But Naegleria fowleri is not particularly bothered by them and instead calmly checks out the scenery, mildly annoyed about the whole ordeal. Now, if you are unlucky, the tiny critter stumbles over something that actually sparks its interest: Nerve cells. Your nose is filled with a large network of olfactory nerve cells that pick up molecules from the outside and transmit their information to your olfactory bulb, the center of smell in your brain. To do their job these cells talk to each other by releasing various messenger chemicals and recognizing them via specific receptors.

One of the most important of these chemicals is acetylcholine. Through sheer evolutionary bad luck, Naegleria fowleri happens to have receptors that recognize acetylcholine. And it seems to attract them irresistibly, a little like moths that are attracted by light. So as your olfactory nerve cells do their job, using plenty of acetylcholine to talk to the brain, Naegleria fowleri enters your tissue. It seems to follow the chemical signals upstream. Neutrophils, crazy suicide warriors begin to attack the amoebae.

Individually they have no chance against them as the invaders are large and pretty buff fighters, used to dealing with tough enemies. So the defenders swarm the intruders and kill them either by vomiting chemicals that punch holes into them or by literally ripping parts of them off and devouring them. But the Naegleria fowleri train is still on track and while the Neutrophil attacks slow them down, they continue to follow the olfactory nerves to their final destination: Your brain. This process can take between one and nine days and you’ll probably not notice anything during that time. Until the amoebae reach the olfactory bulb, the center of smell and entrance to your brain.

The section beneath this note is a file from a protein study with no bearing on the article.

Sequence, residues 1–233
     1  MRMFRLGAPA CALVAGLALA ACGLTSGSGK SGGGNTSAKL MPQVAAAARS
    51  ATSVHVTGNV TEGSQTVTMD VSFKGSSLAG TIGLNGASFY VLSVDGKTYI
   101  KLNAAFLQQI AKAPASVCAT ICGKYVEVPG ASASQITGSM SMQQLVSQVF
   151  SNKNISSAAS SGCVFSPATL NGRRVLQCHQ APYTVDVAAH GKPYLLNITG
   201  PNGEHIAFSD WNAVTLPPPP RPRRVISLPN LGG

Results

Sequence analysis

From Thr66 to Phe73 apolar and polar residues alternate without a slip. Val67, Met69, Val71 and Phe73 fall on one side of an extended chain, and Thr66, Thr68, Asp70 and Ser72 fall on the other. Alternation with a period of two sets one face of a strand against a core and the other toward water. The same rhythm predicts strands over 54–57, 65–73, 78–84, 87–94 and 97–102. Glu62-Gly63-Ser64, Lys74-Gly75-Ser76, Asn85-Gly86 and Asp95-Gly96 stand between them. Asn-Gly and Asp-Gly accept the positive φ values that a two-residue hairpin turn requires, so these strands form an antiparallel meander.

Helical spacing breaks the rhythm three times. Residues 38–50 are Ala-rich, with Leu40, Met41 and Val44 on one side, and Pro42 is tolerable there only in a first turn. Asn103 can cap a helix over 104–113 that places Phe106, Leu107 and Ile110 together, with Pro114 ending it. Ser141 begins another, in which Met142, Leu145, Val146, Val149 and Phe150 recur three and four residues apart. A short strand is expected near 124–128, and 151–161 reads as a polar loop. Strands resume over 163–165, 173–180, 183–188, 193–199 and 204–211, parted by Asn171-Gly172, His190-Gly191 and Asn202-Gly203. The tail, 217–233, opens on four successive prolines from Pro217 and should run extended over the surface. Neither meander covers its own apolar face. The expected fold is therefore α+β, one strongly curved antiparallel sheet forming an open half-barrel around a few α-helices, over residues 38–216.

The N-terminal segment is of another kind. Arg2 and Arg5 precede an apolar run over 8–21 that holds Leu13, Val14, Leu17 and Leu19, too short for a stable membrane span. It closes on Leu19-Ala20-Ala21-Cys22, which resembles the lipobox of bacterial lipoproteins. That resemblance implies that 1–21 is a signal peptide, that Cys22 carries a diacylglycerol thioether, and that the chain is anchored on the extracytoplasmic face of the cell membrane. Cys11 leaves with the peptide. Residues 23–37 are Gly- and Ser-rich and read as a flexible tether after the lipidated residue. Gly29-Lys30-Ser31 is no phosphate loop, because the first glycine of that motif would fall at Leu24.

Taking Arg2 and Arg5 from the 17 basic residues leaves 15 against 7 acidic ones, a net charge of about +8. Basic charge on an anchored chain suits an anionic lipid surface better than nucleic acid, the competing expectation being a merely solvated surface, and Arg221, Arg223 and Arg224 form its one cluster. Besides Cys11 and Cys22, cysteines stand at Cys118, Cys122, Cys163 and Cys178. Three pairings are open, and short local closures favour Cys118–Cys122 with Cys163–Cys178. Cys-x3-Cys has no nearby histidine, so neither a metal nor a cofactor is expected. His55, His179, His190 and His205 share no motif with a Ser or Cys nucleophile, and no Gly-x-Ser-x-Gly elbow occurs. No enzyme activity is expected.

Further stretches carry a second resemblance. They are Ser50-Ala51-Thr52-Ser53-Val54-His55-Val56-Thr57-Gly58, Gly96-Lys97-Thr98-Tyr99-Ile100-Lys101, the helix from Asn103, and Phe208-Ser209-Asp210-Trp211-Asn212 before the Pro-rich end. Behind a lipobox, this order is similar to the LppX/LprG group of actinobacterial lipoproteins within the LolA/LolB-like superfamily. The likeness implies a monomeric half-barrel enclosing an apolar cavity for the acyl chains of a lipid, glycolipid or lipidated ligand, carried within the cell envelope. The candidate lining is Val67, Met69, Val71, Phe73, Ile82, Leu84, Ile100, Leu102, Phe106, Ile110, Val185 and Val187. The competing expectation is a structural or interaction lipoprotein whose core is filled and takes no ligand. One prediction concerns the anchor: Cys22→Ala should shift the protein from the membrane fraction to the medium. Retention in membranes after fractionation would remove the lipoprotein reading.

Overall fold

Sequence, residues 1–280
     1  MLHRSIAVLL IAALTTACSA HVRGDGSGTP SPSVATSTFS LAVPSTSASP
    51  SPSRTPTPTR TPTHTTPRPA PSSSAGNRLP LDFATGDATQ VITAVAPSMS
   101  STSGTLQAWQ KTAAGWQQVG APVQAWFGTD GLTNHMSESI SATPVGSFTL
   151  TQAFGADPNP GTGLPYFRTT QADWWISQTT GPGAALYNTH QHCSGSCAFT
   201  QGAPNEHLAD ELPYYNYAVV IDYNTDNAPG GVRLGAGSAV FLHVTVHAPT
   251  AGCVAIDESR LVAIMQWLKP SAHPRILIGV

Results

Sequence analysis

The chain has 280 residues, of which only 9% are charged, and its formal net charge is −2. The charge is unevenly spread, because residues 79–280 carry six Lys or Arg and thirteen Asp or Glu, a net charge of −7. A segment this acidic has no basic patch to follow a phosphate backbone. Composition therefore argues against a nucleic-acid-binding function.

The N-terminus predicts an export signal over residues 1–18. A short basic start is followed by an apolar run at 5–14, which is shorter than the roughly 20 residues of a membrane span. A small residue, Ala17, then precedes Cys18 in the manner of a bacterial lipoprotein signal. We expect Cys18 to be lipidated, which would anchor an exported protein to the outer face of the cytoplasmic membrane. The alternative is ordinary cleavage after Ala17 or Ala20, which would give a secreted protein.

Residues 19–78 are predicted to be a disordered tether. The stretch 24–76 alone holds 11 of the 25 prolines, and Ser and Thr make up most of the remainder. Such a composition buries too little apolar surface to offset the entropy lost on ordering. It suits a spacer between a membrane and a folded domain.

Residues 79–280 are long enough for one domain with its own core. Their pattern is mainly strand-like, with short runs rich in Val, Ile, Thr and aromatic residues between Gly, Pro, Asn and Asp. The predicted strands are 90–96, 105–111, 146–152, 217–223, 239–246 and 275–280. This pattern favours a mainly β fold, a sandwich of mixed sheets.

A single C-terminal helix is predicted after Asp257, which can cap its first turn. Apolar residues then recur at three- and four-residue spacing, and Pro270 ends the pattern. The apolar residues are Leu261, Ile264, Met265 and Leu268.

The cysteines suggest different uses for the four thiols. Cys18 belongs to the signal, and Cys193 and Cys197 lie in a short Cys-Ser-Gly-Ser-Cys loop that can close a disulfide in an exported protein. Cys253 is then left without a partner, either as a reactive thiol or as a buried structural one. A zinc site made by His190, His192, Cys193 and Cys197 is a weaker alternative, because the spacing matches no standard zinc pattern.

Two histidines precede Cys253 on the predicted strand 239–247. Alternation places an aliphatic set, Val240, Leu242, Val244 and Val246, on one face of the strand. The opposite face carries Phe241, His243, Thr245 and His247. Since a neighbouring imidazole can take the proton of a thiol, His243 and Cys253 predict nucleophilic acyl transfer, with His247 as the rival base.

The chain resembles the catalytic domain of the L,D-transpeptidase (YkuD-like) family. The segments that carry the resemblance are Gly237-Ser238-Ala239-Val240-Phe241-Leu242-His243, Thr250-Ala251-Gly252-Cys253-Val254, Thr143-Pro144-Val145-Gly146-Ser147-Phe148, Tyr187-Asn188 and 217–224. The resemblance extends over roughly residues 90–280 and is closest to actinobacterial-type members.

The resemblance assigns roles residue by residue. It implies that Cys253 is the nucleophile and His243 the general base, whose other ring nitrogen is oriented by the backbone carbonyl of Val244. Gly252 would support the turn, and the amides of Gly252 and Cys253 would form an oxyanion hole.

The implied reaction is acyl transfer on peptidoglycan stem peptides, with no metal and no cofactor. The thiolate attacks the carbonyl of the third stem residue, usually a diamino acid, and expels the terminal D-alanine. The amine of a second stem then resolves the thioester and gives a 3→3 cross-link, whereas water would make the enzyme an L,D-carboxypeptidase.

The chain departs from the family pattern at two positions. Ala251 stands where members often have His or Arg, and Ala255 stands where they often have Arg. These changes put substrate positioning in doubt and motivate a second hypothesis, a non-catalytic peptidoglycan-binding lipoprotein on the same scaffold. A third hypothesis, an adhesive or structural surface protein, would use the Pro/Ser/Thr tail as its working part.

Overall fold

Your brain cells are nothing more than

Helpless victims and they all release that wonderful acetylcholine.

Naegleria fowleri initiates a massacre and releases an onslaught of various attack molecules. Some of them are basically little bombs that rip holes into your cells on contact so their pieces can be eagerly consumed. But Naegleria fowleri is now multiplying - and it's also becoming really creepy. In a feeding frenzy it can develop up to a dozen suckers called food cups, that look like giant eerie mouths.